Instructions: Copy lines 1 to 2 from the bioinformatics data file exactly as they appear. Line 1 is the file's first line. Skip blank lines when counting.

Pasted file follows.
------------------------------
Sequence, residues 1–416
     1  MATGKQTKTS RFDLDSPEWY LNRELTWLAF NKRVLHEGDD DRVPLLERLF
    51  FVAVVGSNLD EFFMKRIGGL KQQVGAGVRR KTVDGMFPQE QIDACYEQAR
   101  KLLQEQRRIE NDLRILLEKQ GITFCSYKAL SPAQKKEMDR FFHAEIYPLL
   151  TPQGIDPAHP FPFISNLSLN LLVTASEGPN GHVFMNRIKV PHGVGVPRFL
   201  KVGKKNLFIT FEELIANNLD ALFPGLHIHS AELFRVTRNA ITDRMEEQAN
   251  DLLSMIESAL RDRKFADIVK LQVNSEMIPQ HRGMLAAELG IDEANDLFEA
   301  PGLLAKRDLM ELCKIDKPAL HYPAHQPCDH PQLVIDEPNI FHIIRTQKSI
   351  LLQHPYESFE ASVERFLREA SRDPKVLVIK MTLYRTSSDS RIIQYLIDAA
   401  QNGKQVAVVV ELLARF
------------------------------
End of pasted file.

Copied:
Sequence, residues 1–416
     1  MATGKQTKTS RFDLDSPEWY LNRELTWLAF NKRVLHEGDD DRVPLLERLF